Because sources can be more or less credible and relevant, it is always important to review and evaluate the source you want to use. All material has a sender and a purpose. Consider the following:
- Copyright: Who is the author? Publisher? Do they have authority in the field?
- Purpose: What is the purpose of the source? To inform, influence, provoke, or something else?
- Target: To whom is the material directed?
- Timeliness: When was it published? Has the source been updated, and if so, when?
- Credibility: Is the material objective or biased? How does the material present and cover the subject? Are the facts correct? Does it use references? Who references or links to the material? Does the contents have a good structure, and is the language suitable for the purpose?
- Authenticity: Is the author the person he/she presents him/herself to be? Is the material authentic? Unreliable?
When researchers report their research results, it is called scientific publication. A scientific text should contain primary research, ie new research. Therefore, such publications are called primary sources. According to "the Higher Education Act" (1992: 1434) , your studies should "rest on a scientific basis". This means, among other things, that you should be able to find and use scientific texts and research results, that is, reliable, audited and research-based information.
Scientific publication is made mainly in the form of articles in scientific journals. In order to check the quality, the article undergoes a process called peer review . This means that other researcher reviews the article before it is published. If a publication has gone through a peer review process, it is scientifically reviewed. Note that you always have to judge the source yourself, even if it is peer review.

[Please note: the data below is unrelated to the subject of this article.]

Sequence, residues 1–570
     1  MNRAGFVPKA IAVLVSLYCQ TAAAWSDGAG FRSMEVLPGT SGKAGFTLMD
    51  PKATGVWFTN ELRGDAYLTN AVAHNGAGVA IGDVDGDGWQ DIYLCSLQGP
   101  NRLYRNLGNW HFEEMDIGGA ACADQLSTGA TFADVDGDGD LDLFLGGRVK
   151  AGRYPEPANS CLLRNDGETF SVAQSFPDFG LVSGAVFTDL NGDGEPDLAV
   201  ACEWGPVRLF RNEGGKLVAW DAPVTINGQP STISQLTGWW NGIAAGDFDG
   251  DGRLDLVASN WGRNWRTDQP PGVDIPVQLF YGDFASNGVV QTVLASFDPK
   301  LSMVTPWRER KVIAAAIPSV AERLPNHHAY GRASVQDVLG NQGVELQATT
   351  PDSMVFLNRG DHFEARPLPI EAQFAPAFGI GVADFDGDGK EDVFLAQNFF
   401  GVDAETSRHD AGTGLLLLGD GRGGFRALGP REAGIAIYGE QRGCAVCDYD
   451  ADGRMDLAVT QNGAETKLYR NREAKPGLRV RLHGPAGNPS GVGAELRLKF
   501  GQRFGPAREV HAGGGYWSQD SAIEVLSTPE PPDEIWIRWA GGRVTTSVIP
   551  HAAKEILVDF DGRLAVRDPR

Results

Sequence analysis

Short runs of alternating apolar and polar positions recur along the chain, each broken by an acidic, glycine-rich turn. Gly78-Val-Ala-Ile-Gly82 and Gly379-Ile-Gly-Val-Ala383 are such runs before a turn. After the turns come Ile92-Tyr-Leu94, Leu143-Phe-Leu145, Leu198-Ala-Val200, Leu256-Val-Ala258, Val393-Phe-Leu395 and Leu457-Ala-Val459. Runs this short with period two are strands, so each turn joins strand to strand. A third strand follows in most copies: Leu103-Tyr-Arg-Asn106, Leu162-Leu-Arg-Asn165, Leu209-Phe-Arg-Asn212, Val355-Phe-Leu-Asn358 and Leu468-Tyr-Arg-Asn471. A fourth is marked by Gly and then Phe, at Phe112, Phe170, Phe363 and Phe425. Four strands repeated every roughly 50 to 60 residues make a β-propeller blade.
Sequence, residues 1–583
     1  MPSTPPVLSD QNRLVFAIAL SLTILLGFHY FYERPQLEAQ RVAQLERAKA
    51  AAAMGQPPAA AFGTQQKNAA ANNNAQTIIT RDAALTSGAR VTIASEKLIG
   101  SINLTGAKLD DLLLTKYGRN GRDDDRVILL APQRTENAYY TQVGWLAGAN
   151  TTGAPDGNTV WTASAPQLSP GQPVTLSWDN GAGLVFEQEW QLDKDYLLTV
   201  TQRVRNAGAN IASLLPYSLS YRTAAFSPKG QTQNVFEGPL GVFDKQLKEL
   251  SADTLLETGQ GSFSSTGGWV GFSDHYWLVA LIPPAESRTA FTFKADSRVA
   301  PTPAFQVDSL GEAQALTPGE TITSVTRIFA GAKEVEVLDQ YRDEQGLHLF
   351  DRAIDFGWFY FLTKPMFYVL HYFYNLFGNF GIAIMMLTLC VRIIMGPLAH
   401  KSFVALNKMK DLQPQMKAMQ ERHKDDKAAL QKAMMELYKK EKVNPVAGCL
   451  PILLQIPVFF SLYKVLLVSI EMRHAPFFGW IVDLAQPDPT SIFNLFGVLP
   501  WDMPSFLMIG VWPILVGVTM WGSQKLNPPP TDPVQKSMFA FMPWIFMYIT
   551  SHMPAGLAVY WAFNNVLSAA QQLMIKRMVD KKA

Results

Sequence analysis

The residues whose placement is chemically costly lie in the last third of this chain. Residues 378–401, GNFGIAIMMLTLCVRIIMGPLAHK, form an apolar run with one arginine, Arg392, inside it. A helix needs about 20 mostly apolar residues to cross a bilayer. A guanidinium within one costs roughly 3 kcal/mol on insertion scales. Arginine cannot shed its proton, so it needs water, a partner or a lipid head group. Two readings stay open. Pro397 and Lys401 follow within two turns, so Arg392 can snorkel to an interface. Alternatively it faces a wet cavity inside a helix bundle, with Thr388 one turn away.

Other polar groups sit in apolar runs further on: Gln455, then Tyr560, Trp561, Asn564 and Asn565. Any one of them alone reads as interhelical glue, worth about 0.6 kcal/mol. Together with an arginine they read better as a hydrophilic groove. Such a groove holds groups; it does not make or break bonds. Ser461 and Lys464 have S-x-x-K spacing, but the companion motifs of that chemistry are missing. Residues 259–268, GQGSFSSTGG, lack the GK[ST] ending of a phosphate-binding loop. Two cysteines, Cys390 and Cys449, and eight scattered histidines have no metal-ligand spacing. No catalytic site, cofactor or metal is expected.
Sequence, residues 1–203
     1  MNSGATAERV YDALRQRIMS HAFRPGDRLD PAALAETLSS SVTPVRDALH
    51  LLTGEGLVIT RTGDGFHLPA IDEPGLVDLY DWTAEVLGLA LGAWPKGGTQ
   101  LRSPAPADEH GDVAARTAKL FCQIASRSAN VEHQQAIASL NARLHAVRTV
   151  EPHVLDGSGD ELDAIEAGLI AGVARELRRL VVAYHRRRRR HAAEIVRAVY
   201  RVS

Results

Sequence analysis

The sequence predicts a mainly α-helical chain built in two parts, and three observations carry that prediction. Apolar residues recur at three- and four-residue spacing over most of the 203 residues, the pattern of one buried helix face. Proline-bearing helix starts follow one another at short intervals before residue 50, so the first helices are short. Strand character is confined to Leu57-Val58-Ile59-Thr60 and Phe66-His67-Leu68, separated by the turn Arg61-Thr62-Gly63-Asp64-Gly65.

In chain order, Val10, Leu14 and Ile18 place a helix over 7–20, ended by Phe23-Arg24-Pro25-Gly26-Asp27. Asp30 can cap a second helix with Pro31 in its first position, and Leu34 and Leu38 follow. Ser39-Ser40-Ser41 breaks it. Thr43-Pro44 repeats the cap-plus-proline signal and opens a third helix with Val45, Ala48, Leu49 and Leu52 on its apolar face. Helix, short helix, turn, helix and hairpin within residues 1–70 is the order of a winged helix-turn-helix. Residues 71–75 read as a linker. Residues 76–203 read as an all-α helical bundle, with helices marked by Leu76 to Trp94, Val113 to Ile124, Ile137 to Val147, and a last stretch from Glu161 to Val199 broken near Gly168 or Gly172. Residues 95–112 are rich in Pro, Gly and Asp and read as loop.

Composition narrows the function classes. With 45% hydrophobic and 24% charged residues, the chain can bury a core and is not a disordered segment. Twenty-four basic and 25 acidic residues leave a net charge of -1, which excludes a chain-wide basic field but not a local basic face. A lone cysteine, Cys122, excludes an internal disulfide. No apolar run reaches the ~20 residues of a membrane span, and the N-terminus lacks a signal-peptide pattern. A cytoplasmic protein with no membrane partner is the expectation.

Different types of sources
Research can also be published in other ways than in scientific articles. Some publication types undergo a peer review process, and others do not.
- Conference reports: When researchers go to a conference to exchange ideas and experiences with one another, their contributions to the conference are usually published, either in scientific journals or in conference reports, so-called proceedings. Sometimes these are scientifically reviewed (peer reviewed).
- Research reports : Researchers also publish material in reports from various institutions / research institutes, organisations or other authorities. The main purpose is to talk about ongoing or completed research. These reports are usually not scientifically reviewed. They are often published freely on the web.
- Licentiate or doctoral dissertations: After the doctoral program, the researcher presents his / her work in the form of a dissertation. A dissertation is a scientifically reviewed source published for the first time. Most are freely published on the web.
- Book or book chapter: In some subject areas, research is still mostly published in book form. Sometimes these books undergo a peer review process similar to that of scientific articles. In other cases, the book is reviewed by the book's editors.
Can a student thesis be considered scientific? A B, C or D essay may look like a scientific publication and follow the IMRaD model (with introduction, method, results and discussion). But even though the layout is scientific, it does not count as a scientific publication, because a scientific text should include primary research, that is, new research. This is not required of an essay at the undergraduate level.